Halloween

It’s coming up to Christmas and advertisers will, for the most part, have their productions wrapped up and ready to go live soon, if they haven’t already.

 

But ohhh. what’s this… An intruder?

 

Halloween has overtaken Valentine’s Day as the third largest event in the UK retail calendar. Us Brits spend a whopping £300 million on costumes, sweets, fireworks and treacle each year. But that figure pales in comparison to the $6.7 billion our American friends spend on the occasion. They spend $300m on pets’ fancy dress costumes alone….

 

Ironic, then, that Halloween is a Celtic tradition started in the 19th century in Scotland. Something about ‘All Hallows’ Eve’ where, at the end of summer, the Celts thought the barrier between our world and the world of ghosts and ghouls got very thin. So they decided to throw a party and dress up as scary things to, well, scare them away.

 

But why is it so big in America? The Irish. According to the Beeb, they crossed the pond in the 19th Century whilst still suffering from the potato famine and introduced an event that really took off in the 20th Century due to the now traditional pumpkin carving and trick or treating. And marketing, of course.

 

I’ve always been fond of this slightly peculiar event. I mean, think about it: a load of people go around dressed up as loons setting off rockets and bangers;. Children hold pensioners captive with the promise of egg yolk on their doors if they don’t comply to their demands for gifts of sweets and cash monies. And you can absolutely guarantee that ET will be on the box – win, win and win!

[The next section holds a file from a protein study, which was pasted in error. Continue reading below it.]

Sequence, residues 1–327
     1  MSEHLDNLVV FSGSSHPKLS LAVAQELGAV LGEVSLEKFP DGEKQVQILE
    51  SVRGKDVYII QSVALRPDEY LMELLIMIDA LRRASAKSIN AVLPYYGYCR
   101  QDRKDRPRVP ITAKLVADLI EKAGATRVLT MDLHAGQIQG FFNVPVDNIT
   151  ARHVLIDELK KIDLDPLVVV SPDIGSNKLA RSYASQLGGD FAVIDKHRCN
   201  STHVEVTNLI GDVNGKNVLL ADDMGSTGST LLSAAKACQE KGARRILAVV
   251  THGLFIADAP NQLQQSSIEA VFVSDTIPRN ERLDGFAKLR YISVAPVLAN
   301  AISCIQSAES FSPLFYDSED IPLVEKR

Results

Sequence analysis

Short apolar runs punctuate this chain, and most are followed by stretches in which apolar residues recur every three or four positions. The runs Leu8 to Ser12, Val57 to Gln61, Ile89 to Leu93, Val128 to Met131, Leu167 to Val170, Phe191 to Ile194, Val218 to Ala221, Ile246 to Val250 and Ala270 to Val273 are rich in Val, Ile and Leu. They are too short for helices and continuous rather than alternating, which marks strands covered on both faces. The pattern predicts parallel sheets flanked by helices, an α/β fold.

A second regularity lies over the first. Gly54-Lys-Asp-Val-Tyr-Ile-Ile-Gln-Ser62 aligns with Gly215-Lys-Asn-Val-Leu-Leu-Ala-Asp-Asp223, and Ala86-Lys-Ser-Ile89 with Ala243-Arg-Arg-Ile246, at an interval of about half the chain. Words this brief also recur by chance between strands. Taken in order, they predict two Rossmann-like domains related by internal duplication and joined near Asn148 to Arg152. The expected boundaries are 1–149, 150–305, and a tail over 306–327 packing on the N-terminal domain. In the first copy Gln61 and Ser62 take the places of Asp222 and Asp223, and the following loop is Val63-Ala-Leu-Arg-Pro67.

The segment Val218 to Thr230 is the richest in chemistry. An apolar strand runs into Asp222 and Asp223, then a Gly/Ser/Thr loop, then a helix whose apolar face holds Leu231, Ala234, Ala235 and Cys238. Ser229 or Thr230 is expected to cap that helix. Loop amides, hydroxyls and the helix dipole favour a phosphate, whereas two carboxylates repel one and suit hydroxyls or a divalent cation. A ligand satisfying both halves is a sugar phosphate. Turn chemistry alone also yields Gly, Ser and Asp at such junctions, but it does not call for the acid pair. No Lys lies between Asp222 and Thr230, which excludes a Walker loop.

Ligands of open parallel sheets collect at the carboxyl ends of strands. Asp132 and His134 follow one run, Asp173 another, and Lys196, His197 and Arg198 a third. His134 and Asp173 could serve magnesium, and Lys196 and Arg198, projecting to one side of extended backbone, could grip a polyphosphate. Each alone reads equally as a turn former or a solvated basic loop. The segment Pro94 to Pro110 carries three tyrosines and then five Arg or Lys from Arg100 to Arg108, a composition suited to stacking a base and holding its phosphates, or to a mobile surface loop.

Although it does appear to be a time for opportunists, too. Last year I rushed to open my door after hearing a knock and “Trick or treat?!”. I couldn’t open it fast enough knowing that the little beggars would unleash floury hell if I didn’t. But when I offered them a handful of jelly babies (can I say that?), one precocious little goblin said “I’d prefer money, please.” I had no choice but to give him a couple of quid. It was that or spend the evening cleaning up cake mix up from my Porsche porch.

 

Whilst he was busy being an enterprising little so-and-so, it got me thinking. Who uses Halloween to be creative? I can’t think of anything that stands out from an advertising perspective.

 

Enter Tesco. Alongside their new campaign to bring the focus back to customers, they’ve released a quite charming film where customers are frightened half to death by creepy goings on in one of their stores. Particular LOLs go to the man being followed by a trolley. Hats off Tesco and BBH!